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[STICKY] How to install GNU/Linux alongside Windows


Wed Dec 11, 2013 11:00:53 pm

UPDATE 1.8.2014 - well the video is complete - not brilliant - I gave up doing gespeaker narrations as after the inserts OpenShot would Crash so I decided to try and upload to my account - found out the limit is 5 Gb so I split my 6 Gb video into two - Part A has been attempted to be uploaded over the past 36 hours and each time connection crashes at some point - first attempt got to 96.2% after 14 hours - so sadly it will never get published - sorry guys - I need to decide whether to upgrade my vimeo account to plus but that will depend on finances - the video completed was dual booting on the same drive as Windows 7 - I was going to do the Windows 8 one next so this is on hold indefinitely! :cry: :cry: :cry:

[Updated 6.7.2014 - THE BEST WAY! -]

Hi once again. Here I shall attempt to layout the correct procedure, from download to install of GNU/Linux alongside of Windows. AMENDMENT A. If you are running Windows 7, just in case there is an issue, be sure to create a 'Windows Repair Disc' should anything go wrong. Preferably install Zorin manually as outlined in my video on which is in 3 parts - the first one is here [] - but refer to the written text here first 1. Download your favourite flavour of GNU/Linux - remember if you have a 64-bit processor download a 64-bit version, however, there is nothing wrong with using a 32-bit version on a 64-bit based system; you cannot however put a 64-bit distribution (whether Windows or GNU/Linux) on a 32-bit based system. I have had no problems downloading *.iso's using Opera Web Browser. After download you will want to check its integrity by using winMD5 Free from here:

[If you have a GNU/Linux distribution already installed and running K3b burning software this has an md5 checker built-in - superior to Brasero in this area]. 2. Once you are happy that the MD5 checksum (usually available as a .txt file on the download page of the distribution) burn the image with Imgburn [from here:]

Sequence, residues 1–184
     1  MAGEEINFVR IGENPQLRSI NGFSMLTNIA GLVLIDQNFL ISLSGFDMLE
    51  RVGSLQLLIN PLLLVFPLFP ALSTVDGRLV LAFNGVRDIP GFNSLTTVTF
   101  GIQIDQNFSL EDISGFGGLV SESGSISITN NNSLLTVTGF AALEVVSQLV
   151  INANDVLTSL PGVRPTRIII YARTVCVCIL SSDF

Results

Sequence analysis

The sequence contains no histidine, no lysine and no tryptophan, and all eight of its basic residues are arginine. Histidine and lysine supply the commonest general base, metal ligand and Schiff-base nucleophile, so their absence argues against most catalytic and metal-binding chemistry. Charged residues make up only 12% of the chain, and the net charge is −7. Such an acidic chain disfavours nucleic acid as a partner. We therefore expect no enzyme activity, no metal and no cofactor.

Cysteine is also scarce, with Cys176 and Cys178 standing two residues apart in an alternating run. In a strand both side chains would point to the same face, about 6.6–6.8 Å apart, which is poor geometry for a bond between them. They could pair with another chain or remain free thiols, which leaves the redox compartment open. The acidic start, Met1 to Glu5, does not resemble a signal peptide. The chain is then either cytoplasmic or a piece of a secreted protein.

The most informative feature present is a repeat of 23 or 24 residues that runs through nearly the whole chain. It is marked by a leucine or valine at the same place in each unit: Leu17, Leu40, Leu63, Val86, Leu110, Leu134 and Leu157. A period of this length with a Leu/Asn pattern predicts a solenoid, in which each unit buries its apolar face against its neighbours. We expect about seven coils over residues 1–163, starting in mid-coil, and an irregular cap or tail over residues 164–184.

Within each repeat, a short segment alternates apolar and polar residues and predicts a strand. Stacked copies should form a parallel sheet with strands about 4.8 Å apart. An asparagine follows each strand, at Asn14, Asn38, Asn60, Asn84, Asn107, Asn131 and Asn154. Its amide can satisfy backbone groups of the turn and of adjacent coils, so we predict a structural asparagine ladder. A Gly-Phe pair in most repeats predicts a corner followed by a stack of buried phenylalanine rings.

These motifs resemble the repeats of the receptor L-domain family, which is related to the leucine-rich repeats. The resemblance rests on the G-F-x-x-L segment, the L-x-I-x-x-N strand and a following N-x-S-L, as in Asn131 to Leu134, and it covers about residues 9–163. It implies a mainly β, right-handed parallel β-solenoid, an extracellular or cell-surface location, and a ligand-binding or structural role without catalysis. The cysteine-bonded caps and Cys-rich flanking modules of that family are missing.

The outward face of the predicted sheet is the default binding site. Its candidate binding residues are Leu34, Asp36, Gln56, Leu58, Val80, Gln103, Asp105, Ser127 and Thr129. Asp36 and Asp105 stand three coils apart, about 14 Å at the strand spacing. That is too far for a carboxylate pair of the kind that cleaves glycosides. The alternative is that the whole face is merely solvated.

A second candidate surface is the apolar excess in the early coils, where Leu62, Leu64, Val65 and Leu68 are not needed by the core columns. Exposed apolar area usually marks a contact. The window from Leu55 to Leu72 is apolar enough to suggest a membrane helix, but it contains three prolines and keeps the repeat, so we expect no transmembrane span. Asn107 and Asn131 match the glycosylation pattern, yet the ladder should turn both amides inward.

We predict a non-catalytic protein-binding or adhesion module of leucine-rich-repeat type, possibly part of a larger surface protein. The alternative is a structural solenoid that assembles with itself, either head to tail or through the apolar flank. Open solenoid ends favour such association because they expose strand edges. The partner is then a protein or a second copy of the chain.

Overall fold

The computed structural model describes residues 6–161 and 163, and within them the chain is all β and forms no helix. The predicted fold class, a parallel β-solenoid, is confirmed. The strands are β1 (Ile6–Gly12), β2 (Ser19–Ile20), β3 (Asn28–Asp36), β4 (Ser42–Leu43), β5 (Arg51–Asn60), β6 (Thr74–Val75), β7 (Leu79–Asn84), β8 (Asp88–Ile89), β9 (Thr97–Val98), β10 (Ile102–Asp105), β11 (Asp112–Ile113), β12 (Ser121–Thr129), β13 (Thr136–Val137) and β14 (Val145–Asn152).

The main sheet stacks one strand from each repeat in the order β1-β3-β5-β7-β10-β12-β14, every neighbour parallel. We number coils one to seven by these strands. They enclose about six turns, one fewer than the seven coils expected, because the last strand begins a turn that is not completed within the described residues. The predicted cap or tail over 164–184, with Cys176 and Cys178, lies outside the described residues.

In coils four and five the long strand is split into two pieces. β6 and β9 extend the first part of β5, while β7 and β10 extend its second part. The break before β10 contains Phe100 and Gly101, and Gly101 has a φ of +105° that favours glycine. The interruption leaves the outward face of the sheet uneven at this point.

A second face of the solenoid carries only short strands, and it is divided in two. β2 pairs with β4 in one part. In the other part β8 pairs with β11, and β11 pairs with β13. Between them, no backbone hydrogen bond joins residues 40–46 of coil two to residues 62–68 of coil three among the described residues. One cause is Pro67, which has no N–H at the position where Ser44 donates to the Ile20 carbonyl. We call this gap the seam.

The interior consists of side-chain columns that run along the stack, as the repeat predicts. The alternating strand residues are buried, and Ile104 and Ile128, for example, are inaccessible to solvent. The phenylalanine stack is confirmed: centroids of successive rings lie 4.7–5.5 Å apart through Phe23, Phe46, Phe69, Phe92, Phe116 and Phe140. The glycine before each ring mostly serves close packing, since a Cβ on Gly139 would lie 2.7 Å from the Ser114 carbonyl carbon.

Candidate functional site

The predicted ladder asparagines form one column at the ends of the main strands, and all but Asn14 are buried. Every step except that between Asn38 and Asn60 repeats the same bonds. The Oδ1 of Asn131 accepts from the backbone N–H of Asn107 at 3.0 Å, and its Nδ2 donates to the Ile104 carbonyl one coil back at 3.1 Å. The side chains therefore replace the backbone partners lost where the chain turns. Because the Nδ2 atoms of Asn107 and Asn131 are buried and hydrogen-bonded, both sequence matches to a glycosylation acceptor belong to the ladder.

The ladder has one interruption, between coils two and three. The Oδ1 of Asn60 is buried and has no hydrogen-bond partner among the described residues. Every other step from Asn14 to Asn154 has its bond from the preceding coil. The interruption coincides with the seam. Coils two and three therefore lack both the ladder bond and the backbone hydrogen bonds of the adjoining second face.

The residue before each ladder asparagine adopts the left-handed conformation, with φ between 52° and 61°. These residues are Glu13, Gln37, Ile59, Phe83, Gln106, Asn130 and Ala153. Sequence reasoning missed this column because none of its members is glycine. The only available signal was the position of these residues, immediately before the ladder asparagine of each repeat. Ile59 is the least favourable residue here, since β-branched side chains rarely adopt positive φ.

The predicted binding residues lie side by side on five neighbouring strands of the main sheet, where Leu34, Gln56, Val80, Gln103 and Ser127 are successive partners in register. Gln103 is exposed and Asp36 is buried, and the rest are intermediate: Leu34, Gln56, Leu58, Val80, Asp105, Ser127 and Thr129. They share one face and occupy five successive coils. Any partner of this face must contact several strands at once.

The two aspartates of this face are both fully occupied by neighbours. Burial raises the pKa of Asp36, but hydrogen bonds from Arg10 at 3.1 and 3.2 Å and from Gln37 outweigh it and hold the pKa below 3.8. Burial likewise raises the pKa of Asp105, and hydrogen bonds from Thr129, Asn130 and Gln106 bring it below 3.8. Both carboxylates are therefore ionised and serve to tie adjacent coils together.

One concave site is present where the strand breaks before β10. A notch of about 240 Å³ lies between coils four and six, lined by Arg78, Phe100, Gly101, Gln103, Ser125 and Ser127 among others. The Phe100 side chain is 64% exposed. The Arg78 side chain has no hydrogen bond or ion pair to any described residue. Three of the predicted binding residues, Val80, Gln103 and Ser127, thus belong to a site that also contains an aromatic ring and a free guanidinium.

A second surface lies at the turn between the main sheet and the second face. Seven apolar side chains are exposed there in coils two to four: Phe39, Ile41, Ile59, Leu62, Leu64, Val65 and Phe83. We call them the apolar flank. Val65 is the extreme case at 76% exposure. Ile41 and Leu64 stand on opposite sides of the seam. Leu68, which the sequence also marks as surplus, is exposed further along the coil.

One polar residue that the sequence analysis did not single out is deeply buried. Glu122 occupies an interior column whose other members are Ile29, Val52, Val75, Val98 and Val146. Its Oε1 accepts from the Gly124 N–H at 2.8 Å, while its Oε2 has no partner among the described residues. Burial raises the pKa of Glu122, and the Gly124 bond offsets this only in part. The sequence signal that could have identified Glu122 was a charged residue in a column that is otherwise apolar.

3. After you have burnt your CD/DVD (dependent on size of *.iso) check that it will run OK on your machine by running it in Live Mode - the distro will only use Memory - nothing will harm a Windows installation but Windows might report that something has happened and wants to take remedial action - don't be alarmed - possibly built-in FUD by Microsoft (Fear Uncertainty Doubt!). If you are happy with how the distribution is performing in Live Mode there are some things you should do before going any further.

4. Remove your Live CD/DVD and re-boot back into Windows and after booting into windows run CHKDSK on all of your partitions.

5. After CHKDSK defragment all of your drives. 6. Shrink your Windows Partition to a reasonable size to allow space for your Linux Distribution. To minimize problems, on large Hard drives (400 Gb and above) I would be tempted to restict the main Windows partition to something like 120 Gb with another 120 Gb set aside for Windows Data/Users. If you have just got Windows on the Hard Drive then go for something like 160 Gb tops. Next in Windows 7 Search pane of the menu enter Computer Management – if not expanded click on Storage and then Disk Management – after a few seconds the Virtual Disk Manager will launch – left click on the graphical representation of C:\ drive and right click it and select 'Shrink volume' to resize your Windows partition. If you would prefer to use a Disk Management tool then use Ranish Partition manager or for paid solution I would reccomend Acronis Disk Director. Once you have resized Windows run CHKDSK again, reboot into Windows - it might request a restart - do so. 6. After 3rd Reboot into Windows run Defragmenter for analysis of the new drive - if it recommends you Defrag the drive do so.